Cladding time-bomb in the spotlight


An investigation by the ABC’s Four Corners has revealed the extent of the problems being faced by Australian governments and councils, with large numbers of residential buildings, hospitals, shopping centres and commercial buildings having been built with flammable aluminium cladding, posing a potentially serious fire risk.

The investigation revealed that some international manufacturers and their Australian suppliers were aware of the risks associated with using PE cladding on high-rise buildings, but they continued to import it because Australia's lax and ambiguous building standards allowed it.

Australia - in the grip of a once-in-a-generation building boom - now has a large legacy of buildings swathed in the potentially deadly material.

The number of affected properties is unknown but could be in the thousands, with a preliminary audit in NSW alone identifying 1,011 buildings that require investigation.

Brisbane’s Princess Alexandra Hospital, for example, has failed a second round of testing on its cladding and the cladding will now be removed and replaced – a costly process expected to take around 18 months. 40 government-owned buildings in Queensland are also under investigation.

In Adelaide, the SAHMRI building, the New Royal Adelaide Hospital, the Adelaide Convention Centre and the Adelaide Oval are among 77 buildings identified as requiring further investigation.

Victoria, NSW, South Australia and Western Australia are currently undertaking audits of their large buildings.

NSW has established an inter-agency Fire Safety and External Wall Cladding Taskforce.

Queensland has also been undertaking an audit, and last month passed tough legislation that puts the onus on the entire supply chain to ensure conforming products are used in a compliant manner.

The Federal Senate Inquiry into Non-Compliant Building Products is also expected to report this week.

Meanwhile, The Building Ministers’ Forum (BMF) has commissioned a review of building and construction safety issues in Australia, including the installation of non-compliant building products.

Federal Assistant Industry Minister and BMF chairman Craig Laundy said the review would be run by former senior public servant and now academic Peter Shergold and building and construction lawyer Bronwyn Weir.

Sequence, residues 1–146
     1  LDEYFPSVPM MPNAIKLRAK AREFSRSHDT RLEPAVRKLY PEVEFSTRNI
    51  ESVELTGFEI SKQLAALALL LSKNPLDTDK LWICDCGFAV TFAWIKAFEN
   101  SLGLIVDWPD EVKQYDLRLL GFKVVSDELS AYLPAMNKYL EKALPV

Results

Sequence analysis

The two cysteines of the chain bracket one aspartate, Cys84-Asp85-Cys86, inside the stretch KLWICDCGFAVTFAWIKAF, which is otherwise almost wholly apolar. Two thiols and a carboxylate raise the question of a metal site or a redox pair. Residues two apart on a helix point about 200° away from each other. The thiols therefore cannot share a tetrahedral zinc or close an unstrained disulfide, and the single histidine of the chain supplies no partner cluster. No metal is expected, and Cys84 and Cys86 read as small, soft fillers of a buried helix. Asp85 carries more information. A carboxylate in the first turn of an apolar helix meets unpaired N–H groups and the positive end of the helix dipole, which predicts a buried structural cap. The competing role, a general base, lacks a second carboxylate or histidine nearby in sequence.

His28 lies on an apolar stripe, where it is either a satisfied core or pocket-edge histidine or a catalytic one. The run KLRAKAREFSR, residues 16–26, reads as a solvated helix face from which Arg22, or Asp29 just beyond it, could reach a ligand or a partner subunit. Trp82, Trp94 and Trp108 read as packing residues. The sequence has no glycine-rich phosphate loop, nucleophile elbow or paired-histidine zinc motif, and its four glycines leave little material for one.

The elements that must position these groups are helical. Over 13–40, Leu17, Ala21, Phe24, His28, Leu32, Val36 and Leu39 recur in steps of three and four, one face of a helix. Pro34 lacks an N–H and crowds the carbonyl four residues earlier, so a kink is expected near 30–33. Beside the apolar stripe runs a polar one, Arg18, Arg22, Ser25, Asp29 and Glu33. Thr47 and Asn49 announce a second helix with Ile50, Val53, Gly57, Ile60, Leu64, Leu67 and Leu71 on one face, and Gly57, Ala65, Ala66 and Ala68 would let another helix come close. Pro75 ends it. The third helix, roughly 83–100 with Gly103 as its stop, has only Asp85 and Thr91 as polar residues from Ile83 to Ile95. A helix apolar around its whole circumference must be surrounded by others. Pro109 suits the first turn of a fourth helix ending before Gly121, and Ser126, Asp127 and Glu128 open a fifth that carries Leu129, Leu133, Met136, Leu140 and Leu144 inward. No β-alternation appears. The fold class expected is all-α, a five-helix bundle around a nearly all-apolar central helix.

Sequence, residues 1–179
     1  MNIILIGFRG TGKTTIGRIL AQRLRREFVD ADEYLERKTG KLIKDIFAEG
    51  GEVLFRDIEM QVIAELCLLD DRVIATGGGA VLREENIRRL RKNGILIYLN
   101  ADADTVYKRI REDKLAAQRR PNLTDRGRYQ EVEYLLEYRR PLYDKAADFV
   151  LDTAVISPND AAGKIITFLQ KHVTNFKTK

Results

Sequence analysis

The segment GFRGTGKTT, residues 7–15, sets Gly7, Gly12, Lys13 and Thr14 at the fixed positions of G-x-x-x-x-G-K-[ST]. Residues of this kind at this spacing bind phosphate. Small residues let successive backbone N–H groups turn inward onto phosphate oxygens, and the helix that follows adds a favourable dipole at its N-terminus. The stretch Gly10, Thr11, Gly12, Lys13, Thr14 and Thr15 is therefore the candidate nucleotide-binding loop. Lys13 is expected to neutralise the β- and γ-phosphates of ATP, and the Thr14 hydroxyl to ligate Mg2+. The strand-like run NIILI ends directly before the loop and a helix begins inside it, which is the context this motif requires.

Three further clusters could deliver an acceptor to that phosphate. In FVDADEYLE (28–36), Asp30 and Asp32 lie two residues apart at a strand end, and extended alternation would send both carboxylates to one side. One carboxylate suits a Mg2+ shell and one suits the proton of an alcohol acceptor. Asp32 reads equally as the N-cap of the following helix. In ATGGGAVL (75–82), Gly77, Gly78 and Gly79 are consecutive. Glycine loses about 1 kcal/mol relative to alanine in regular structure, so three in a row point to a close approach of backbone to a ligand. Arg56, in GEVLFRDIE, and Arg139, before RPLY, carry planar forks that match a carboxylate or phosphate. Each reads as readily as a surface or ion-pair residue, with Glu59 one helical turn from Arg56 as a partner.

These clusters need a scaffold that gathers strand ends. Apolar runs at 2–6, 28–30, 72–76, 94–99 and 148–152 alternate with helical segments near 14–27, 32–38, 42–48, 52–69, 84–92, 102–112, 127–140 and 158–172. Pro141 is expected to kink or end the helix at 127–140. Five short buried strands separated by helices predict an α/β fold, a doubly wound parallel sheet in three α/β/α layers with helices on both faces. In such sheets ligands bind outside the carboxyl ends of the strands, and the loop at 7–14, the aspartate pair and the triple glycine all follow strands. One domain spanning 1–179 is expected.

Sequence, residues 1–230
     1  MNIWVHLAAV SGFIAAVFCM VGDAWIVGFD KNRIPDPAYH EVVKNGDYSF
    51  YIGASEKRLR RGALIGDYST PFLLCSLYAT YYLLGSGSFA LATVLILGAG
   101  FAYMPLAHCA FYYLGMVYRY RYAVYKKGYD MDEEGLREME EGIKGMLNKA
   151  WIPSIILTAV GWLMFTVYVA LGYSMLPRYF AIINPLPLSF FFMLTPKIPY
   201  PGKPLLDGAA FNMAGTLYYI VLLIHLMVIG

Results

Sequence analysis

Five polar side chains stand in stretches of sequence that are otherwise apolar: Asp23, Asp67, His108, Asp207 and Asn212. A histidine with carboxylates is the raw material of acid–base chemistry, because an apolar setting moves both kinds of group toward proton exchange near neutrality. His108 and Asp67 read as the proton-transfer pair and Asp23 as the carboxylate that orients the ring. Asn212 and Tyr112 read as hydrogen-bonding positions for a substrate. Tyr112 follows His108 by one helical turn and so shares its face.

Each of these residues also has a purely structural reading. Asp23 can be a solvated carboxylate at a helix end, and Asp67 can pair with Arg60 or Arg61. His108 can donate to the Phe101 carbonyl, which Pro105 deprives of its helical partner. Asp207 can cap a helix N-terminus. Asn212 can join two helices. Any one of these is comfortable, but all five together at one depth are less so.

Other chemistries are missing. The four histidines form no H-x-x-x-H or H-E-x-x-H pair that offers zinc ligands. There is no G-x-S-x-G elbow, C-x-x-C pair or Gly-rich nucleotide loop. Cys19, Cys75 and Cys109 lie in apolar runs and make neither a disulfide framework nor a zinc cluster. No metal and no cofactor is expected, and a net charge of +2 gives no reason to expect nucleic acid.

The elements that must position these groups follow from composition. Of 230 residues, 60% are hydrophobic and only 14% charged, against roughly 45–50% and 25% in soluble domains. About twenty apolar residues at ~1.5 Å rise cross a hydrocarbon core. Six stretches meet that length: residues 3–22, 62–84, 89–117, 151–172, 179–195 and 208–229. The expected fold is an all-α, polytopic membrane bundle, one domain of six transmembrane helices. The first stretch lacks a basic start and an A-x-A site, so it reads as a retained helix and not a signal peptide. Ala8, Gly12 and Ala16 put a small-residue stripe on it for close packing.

“Australia’s National Construction Code is among the world’s best,” Mr Laundy said, “but we’ve go to work with state and territory regulators to focus on stamping out the non-compliant installation of building products”.

The Property Council of Australia responded to the Four Corners report with a call for better supply chain practices.

Chief executive Ken Morrison said all the major property companies were working together with government agencies to improve property standards and deal with non-conforming products.

“We are seeing concerted and considered action from the Building Ministers’ Forum, the Senior Officers’ Group on NCBPs, the Australian Building Codes Board, Standards Australia, as well as state governments and their relevant fire and consumer protection agencies,” Mr Morrison said.

Mr Morrison said public safety was the priority of both industry and regulators.

“Many industry participants aren’t just reviewing the buildings they own, they are also reviewing the buildings they played a role in constructing up to a decade ago.”

He said PCA members were reporting “very few instances of genuine safety risk”.

Master Builders Australia chief executive Denita Wawn said the challenge was to improve the “extensive and robust” regulatory regime that ensured the safe use of building products.

“This is fundamentally the responsibility of government, but requires a concerted effort from all those in the building and construction supply chain,” she said.

She said MBA had established a national taskforce to improve outcomes, and was calling for a centrally administered building product certification system.

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